“I dunno about protecting [language and culture],” says Kernow King. “I suppose you can protect them but it's better to celebrate them. Probably by celebrating them you protect them!”

Cornish is not the only Brittonic language undergoing a revival. “As you may know, France tried hard to destroy our language and culture in Brittany,” says Breton musician Yann Tiersen - who lives off the West Coast of France on the remote Ushant Island. “In the 60s it was forbidden ‘to spit and to speak’ Breton at school. So we are relearning our language as the Faroese people have successfully done.”

Yann’s partner, a Brittany native, wrote ‘AR MAEN BIHAN’ in Breton, which was then translated into Icelandic and Faroese for his new album, ∞ (Infinity), which comes out on Mute in May.

“In fact Ushant Island is only 100 miles from the Cornish coast and 200 miles from France,” Yann adds in an email, “so we are far closer to Cornwall.”

So firstly the Cornish language is protected under the European Charter for Regional or Minority Languages, then the Cornish are declared a ‘national minority’ by the Council of Europe. This can be leading only one way, surely? Is a constitutional shake-up on the horizon?

“Yes, I am in favour of devolution of power, to the lowest possible levels anyway, especially if the region in question has a distinct identity or geography,” says Simon Reed. “I would like to see this as the start of a rosy future, but truthfully the challenges here are just as much about poverty, the lack of opportunity, low pay and lack of housing as they are about culture, identity and history.”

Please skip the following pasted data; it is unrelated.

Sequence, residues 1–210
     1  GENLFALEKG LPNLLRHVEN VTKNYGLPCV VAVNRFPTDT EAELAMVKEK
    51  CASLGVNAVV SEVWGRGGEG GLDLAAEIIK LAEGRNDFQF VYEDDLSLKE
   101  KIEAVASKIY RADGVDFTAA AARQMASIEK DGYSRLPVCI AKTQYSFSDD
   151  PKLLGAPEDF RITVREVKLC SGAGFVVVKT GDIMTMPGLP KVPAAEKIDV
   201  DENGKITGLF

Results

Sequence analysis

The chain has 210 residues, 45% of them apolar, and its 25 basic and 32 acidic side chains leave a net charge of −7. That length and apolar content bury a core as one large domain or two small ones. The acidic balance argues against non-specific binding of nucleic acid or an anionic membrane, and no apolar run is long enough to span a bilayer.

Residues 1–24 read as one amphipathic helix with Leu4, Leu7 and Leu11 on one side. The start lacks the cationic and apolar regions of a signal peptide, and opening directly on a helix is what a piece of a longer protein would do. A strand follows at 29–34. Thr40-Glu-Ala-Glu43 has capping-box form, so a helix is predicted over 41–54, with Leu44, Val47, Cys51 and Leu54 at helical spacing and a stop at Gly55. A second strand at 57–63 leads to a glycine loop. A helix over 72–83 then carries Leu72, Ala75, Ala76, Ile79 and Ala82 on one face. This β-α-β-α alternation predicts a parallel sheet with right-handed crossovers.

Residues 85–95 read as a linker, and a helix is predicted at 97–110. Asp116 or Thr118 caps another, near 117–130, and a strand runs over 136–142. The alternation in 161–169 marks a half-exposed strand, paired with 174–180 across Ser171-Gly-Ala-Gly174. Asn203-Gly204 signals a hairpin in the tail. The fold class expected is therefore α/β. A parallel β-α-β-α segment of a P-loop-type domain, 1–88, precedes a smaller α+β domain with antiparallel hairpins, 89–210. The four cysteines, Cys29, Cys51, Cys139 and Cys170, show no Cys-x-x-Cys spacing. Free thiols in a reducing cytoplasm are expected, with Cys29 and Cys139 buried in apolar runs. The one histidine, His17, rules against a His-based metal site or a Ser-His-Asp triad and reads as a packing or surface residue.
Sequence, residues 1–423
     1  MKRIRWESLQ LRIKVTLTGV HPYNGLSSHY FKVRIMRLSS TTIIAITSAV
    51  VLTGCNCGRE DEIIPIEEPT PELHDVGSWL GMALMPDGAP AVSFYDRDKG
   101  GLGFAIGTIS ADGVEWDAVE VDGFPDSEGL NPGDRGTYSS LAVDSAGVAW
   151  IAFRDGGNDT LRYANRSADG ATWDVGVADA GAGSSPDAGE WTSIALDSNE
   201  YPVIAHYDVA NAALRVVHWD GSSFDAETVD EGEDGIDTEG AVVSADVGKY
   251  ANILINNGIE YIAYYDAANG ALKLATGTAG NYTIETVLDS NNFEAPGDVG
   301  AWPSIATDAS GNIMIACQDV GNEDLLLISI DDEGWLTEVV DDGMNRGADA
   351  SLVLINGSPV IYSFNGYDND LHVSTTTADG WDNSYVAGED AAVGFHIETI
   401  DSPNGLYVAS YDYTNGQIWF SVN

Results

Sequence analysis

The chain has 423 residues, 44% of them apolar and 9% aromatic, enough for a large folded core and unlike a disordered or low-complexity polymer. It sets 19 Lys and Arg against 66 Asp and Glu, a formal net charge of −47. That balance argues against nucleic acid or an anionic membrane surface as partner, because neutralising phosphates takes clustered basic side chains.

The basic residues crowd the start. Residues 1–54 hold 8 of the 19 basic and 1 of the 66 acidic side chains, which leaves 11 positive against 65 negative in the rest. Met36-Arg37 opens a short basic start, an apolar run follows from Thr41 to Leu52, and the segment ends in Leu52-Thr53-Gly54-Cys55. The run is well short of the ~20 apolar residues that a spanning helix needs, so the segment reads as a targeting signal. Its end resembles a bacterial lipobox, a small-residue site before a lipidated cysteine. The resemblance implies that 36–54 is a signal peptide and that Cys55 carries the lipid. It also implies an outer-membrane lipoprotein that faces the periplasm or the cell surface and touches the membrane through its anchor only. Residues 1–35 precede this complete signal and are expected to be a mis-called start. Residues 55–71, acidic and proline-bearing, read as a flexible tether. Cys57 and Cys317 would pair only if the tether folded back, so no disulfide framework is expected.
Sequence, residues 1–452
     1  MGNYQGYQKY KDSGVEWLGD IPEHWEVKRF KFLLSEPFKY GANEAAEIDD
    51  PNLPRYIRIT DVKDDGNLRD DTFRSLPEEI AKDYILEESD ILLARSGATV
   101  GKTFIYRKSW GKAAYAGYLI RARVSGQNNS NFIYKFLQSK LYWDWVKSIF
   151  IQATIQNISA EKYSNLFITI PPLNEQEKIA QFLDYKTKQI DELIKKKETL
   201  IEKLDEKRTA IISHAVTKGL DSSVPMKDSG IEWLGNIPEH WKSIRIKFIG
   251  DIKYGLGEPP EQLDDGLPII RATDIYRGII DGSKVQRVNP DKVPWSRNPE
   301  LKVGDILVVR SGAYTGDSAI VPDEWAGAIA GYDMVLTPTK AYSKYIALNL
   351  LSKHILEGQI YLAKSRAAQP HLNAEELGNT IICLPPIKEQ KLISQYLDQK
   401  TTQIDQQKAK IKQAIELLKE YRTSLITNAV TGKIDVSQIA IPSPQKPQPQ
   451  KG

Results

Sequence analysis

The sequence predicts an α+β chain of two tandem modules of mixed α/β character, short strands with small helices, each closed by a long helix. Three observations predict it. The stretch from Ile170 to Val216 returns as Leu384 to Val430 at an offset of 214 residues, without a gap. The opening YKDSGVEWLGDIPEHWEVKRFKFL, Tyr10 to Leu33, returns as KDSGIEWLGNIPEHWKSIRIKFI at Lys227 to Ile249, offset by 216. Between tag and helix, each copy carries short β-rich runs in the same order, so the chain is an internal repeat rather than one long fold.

Would he welcome independence?

“I believe in a federal United Kingdom, so I am not in favour of Cornish Independence. I am comfortable being Cornish and British, although I know some aren't.”

One wonders, should the Scottish vote ‘yes’ in the upcoming referendum, how this might impact on the Cornish way of thinking, even if many would rather not leave the union.

“Regardless of how Scotland votes, Mebyon Kernow believes that there needs to be a mature, respectful and wide-ranging debate about the future of the whole of the United Kingdom and how it is governed,” says Dick Cole. “We believe there is certainly a desperate need to address the unequal constitutional relationships between the various nations and regions of the UK, as well as the centralising influence of London and the South East of England. We will be doing all we can to put the future constitutional status of Cornwall at the very heart of this debate, and we will be campaigning for a National Assembly for Cornwall.”

“I dunno man,” says Ed Rowe cautiously. “I don't think people want to be a separate nation. I don't know enough about politics and the running of a country to comment to be honest. Hopefully [this charter] will give young people a chance to look at their history and think 'you know what, I'm in a good place, I don't need to move to London to get a job'. The amount of people who write on my Facebook, 'I had to leave to find a better job that pays more money' is ludicrous.”

If the news agenda in the South East is all about Oligarchs buying up property in central London, then the indigenous folk of Cornwall who survive on low wages in an area where the cost of living is as high as anywhere in the country, are not getting a look in where the property market is concerned, and haven’t been for a long time.